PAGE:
Apparently, this is a big discussion now online. See, e.g., Michele Bachmann Should Not 'Get a Pass' on Past Membership in Anti-Catholic Church, by Keith A. Fournier; posted on 14 July 2011 at Catholic Online. Here is my initial response:
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I don't see this as any big deal at all. Almost all Protestants have official anti-Catholicism in their background, because it was so central to the so-called "Reformation." It doesn't follow that individuals subscribe to it. I used to fellowship and worship with many anti-Catholics in the churches I used to attend as a Protestant. I never was anti-Catholic, myself, and my association with them didn't prove otherwise.
When I met my wife in a youth group [Assemblies of God] in Nov. 1982, I defended her from aggressive folks in the group who wanted to make an issue out of her being Catholic.
The official Lutheran confessions describe the Mass as "Baal-worship" (as I have noted in the past). Yet very few Lutherans today would hold to that. The large group of Missouri Synod Lutherans didn't sign on to the ecumenical agreements, either. They were signed by the same Lutherans who are officially pro-abortion (which the conservative Lutheran denominations are not).
I'm infinitely more concerned about compromised Catholics like Joe Biden and Nancy Pelosi than I am about obscure statements in confessions like these. It tells me next to nothing about what Bachmann herself believes. Anyone can look that up . . .
Certainly many Baptists in the South of the US are anti-Catholics. Does it follow that we deem Presidents Carter and Clinton to both be anti-Catholics? It's guilt-by-association. The media is desperate to slander her in any way they can, since she is the Most Hated Person in America now: a great honor, to be sure.
I like what Catholic writer Matt C. Abbot wrote:
I love it when liberals who normally don't care a wit about Catholicism suddenly voice concern about a conservative politician's alleged anti-Catholicism — even if their concern is somewhat tongue-in-cheek or just a political ploy. Never mind all the abortion- and unnatural vice-supporting "Catholic" politicians out there; we practicing Catholics should really be concerned about the likes of Bachmann and Sarah Palin. (I addressed Palin's alleged anti-Catholicism in my Dec. 7, 2010 column.)
Interestingly, Bachmann gave a talk last year at a conference organized by the Cardinal Mindszenty Foundation. I didn't attend the conference, but I think it's safe to say that had she said anything even remotely anti-Catholic, the CMF wouldn't have made the audio CD of her talk available for purchase.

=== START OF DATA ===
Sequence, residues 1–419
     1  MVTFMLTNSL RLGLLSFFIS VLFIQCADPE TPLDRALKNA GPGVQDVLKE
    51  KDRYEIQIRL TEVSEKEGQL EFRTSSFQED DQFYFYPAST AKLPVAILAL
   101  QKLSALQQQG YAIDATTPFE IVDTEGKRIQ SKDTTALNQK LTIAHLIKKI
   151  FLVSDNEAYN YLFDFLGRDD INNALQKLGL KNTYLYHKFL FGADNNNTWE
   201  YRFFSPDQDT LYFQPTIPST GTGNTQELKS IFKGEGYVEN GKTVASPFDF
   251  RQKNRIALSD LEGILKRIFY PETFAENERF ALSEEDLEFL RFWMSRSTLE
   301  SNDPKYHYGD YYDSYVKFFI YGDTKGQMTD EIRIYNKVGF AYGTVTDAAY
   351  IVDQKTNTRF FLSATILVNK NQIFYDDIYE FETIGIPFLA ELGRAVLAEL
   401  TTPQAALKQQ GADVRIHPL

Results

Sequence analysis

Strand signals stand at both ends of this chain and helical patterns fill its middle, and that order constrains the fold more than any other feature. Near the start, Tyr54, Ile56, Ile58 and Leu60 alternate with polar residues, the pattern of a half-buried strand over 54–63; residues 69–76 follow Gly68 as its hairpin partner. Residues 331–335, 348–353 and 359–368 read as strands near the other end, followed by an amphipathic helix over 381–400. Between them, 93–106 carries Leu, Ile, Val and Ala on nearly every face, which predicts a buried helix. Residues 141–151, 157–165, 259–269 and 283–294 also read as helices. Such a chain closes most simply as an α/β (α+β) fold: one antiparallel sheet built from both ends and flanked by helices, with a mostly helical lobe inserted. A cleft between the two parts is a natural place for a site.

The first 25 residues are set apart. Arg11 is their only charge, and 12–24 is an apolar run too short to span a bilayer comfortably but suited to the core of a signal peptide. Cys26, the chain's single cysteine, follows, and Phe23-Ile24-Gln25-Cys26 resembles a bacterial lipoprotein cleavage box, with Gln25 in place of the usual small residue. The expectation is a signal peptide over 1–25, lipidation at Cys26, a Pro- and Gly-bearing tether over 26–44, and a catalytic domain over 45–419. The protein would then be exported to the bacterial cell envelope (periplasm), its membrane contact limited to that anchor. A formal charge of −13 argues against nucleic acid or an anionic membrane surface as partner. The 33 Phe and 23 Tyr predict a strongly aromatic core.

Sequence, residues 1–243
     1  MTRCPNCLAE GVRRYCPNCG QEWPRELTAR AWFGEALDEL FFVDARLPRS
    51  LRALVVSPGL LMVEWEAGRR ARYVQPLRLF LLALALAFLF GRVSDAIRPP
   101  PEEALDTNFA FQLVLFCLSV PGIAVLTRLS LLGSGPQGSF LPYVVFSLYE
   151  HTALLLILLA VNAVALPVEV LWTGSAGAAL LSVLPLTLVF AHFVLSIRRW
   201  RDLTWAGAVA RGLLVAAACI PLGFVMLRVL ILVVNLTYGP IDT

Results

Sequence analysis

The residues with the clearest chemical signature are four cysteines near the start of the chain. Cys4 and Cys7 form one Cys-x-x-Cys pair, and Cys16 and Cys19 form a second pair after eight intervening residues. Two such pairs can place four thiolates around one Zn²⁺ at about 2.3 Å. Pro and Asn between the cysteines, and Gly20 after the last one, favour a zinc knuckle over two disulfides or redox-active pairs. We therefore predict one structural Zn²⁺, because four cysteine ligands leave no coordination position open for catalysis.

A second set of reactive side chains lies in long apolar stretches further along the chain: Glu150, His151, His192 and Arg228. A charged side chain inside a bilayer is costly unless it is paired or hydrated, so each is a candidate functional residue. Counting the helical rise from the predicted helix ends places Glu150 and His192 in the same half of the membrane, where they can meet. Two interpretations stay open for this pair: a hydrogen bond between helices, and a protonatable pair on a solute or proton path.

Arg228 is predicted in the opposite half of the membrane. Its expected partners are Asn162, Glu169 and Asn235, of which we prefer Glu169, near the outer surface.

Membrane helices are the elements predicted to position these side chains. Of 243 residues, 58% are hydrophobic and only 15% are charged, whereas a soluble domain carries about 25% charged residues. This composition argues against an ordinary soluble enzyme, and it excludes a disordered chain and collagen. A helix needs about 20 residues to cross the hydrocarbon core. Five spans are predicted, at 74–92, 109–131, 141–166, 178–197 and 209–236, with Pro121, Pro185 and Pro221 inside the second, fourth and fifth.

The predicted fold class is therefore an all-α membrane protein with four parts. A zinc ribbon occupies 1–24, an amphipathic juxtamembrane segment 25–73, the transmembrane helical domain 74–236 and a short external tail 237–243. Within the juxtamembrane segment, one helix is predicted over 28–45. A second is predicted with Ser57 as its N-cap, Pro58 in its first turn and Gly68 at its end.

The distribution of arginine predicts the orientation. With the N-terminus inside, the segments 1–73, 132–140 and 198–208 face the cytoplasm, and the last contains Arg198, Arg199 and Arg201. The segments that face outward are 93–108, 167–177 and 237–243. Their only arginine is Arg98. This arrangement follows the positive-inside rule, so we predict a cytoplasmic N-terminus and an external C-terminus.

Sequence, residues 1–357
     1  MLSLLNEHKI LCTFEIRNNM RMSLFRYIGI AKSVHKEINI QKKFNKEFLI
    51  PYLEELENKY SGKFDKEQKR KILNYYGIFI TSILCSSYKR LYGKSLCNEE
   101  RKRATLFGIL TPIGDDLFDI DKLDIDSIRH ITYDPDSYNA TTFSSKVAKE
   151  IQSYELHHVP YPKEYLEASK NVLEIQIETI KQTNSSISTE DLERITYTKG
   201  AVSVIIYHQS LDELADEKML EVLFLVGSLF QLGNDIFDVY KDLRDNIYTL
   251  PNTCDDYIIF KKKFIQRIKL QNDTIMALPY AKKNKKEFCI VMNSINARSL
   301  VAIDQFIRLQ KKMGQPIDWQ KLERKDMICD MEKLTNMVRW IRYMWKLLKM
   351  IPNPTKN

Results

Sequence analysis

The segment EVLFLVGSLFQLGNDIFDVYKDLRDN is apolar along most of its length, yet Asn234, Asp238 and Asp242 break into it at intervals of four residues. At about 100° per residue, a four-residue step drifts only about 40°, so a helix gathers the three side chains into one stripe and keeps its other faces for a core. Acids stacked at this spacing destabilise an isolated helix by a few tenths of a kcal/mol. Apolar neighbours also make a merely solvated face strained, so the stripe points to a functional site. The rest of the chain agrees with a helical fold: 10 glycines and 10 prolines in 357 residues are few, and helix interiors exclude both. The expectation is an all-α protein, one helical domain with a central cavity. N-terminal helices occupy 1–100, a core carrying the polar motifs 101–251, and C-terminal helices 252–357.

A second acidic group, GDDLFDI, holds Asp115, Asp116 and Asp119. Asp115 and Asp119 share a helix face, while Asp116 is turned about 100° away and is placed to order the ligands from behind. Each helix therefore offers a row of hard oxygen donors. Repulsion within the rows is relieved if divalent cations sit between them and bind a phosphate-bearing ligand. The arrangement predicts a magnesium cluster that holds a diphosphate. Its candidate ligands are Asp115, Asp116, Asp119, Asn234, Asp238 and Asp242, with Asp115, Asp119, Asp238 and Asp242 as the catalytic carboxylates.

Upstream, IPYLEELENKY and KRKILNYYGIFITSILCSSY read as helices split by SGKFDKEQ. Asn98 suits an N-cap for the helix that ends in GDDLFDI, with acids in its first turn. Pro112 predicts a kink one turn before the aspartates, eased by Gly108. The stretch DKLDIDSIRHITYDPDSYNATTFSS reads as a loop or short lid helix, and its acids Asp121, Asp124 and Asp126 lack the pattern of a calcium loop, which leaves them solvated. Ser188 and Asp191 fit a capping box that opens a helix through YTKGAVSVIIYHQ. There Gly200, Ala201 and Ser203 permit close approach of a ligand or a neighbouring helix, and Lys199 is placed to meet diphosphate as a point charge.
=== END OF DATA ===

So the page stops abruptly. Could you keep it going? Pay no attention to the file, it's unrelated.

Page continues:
I asked William A. Borst, Ph.D., Catholic author and feature editor to the CMF, to comment on the Salon article. Dr. Borst replied in an email (slightly edited):
'Nowhere in the article did I find any substantive quote from Rep. Bachmann. I think it is shoddy journalism to try to create a paper trail of quotes from second-, third- and fourth-hand sources and attribute belief to their target by mere association. What may appear as exhaustive research on the surface often is nothing more than a writer desperately grasping for straws.
'To compare her [associations] to Barack Obama's relationship with the Rev. Wright is specious reasoning at best. Bachmann seems like a 'seeker' who is still searching for the religious truth. Obama spent 20 years listening to Wright's racialist rants and even had his kids baptized by this poor excuse of a minister. There is no comparison, unless apples can be confused with asparagus. So we really know even less about her views than we did before reading the article. If they give Pulitzers for misdirection, obfuscation and innuendo, Alex Pareene would be a strong contender.'
My friend Lisa Graas defended Bachmann as well, and notes a direct disavowal of anti-Catholicism from Rep. Bachmann herself. If this continues, I'll be following it and providing more information as I find it.
Bill Donohue, of The Catholic League for Religious and Civil Rights, commented in that group's press release:
The Catholic League finds it regrettable that there are still strains of anti-Catholicism in some Protestant circles, but we find no evidence of any bigotry on the part of Rep. Michele Bachmann. Indeed, she has condemned anti-Catholicism. Just as President Barack Obama is not responsible for the views of Rev. Jeremiah Wright, Rep. Bachmann must be judged on the basis of her own record.
However, just as Sen. John McCain had to answer questions about his affiliation with Pastor John Hagee (who quickly cleared his record), and Sen. Barack Obama had to answer questions about his affiliation with Rev. Wright, it is not inappropriate to ask some pointed questions of Rep. Bachmann and her religion’s tenets.